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Economic Justice Fund
What We Believe

The Elusive American Dream

The Elusive American Dream

We believe that persistent poverty and growing inequality endanger the American Dream.

At the heart of the American Dream is the idea that opportunity, prosperity, and upward mobility are available to everyone, according to their innate abilities rather than to the circumstances of their birth.

The American Dream has proven to be an attainable ideal for countless individuals and families since our nation was founded more than two centuries ago. But for millions of Americans, especially minorities and other underserved people, the American Dream remains precisely that—a dream.

Over the past 50 years, the official poverty rate for the United States has varied only slightly and today stands at 11.8 percent. That means that more than 38.1 million of our fellow citizens live under the federal poverty threshold, which the U.S. Census Bureau defines as an income of $13,064 for an individual under 65 and $25,900 for a family of four.01

But the official poverty rate significantly understates the extent of economic insecurity in our nation. A recent report found that approximately 106 million people in the U.S.—nearly one-third of our population—live in households that earn less than 200 percent of the federal poverty threshold.02 For many of these people, achieving a decent standard of living and surviving a sudden financial emergency can be next to impossible.

While the poverty rate has failed to improve significantly in over half a century, income inequality has skyrocketed. Since 1979, the incomes of the top 1 percent of American earners have grown more than seven times faster than the incomes of the bottom 20 percent.03

The dramatic rise in income inequality means that those at the top enjoy the greatest benefits of our nation’s economic growth while those at the bottom continue to struggle. And so poverty and economic insecurity remain a fact of life for millions.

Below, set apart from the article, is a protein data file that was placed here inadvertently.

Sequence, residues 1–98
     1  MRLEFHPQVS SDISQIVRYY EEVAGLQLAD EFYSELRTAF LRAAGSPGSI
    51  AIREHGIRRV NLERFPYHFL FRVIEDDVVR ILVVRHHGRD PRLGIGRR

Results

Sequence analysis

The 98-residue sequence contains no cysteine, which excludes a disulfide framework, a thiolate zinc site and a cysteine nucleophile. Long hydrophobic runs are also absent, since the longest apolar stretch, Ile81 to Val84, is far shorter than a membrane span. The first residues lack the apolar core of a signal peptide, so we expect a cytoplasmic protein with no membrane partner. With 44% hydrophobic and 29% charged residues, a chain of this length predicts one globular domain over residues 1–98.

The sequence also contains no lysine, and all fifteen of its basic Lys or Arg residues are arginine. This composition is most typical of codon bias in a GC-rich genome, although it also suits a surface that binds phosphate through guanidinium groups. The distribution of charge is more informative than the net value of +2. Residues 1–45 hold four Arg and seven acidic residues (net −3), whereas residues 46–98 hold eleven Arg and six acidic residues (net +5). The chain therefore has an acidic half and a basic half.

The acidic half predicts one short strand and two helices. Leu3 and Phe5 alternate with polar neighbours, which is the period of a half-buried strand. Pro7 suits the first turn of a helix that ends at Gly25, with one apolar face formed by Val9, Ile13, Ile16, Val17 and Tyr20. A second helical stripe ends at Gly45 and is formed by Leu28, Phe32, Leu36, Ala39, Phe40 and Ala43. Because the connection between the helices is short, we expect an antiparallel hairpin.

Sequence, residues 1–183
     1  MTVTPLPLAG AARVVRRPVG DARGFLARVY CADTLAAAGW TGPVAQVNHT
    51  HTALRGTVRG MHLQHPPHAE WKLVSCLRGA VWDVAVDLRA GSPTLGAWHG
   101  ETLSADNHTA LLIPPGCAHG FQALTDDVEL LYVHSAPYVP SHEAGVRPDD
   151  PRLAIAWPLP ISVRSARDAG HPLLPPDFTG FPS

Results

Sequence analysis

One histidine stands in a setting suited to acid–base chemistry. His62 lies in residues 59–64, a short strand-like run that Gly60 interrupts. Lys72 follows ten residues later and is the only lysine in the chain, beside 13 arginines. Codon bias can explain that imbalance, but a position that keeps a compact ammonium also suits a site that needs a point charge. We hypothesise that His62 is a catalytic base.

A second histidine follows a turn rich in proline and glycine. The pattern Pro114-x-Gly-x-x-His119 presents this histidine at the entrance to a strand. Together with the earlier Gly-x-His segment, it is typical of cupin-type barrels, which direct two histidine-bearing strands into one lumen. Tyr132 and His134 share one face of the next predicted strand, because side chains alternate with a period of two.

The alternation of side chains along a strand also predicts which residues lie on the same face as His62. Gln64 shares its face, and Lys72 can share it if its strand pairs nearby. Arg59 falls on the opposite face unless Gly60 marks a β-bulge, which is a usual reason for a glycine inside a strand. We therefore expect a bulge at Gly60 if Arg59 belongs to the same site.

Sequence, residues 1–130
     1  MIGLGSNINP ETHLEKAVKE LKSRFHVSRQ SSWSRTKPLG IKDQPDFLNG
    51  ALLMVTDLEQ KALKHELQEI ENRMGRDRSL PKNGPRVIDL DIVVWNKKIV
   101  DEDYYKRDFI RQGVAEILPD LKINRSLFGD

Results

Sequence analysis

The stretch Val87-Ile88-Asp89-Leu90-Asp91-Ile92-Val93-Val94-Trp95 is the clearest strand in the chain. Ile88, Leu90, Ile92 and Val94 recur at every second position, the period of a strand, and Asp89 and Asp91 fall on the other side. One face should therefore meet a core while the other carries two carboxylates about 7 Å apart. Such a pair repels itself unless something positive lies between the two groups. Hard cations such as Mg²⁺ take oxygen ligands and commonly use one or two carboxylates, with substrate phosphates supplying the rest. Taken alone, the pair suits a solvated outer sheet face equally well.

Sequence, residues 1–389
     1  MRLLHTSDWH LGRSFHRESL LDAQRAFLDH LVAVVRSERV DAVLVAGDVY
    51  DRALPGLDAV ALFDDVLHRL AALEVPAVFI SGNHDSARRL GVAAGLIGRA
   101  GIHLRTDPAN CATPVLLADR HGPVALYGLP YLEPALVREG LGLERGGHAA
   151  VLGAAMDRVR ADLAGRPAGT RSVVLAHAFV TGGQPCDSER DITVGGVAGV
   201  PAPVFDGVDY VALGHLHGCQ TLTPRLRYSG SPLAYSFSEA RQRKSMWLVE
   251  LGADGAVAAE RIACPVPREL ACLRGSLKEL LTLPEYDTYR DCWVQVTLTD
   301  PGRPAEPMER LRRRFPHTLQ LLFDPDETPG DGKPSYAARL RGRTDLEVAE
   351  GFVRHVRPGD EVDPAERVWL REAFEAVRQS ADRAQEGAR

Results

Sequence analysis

Upward mobility—for generations, a defining feature of the American Dream—also has suffered. Ninety percent of children born in 1940 earned more than their parents did, but only 50 percent of children born in the 1980s earn more than their parents.04

We believe that every American deserves an equal opportunity to pursue the American Dream, and we are committed to creating opportunities for prosperity and advancement for those who are excluded from the economic mainstream.


Percentage by which the incomes of the top 1% increased, 1979-201505


Percentage by which the incomes of the bottom 20% increased, 1979-201505

  1. Income and Poverty in the United States: 2018, U.S. Census Bureau, September 2019.
  2. 100 Million and Counting: A Portrait of Economic Insecurity in the United States, PolicyLink and the Program for Environmental and Regional Equity at the University of Southern California, 2018.
  3. Facts – Income Inequality in the United States,, accessed January 2020.
  4. The Fading American Dream: Trends in Absolute Income Mobility Since 1940; National Bureau of Economic Research, 2016.
  5. Facts – Income Inequality in the United States,, accessed January 2020.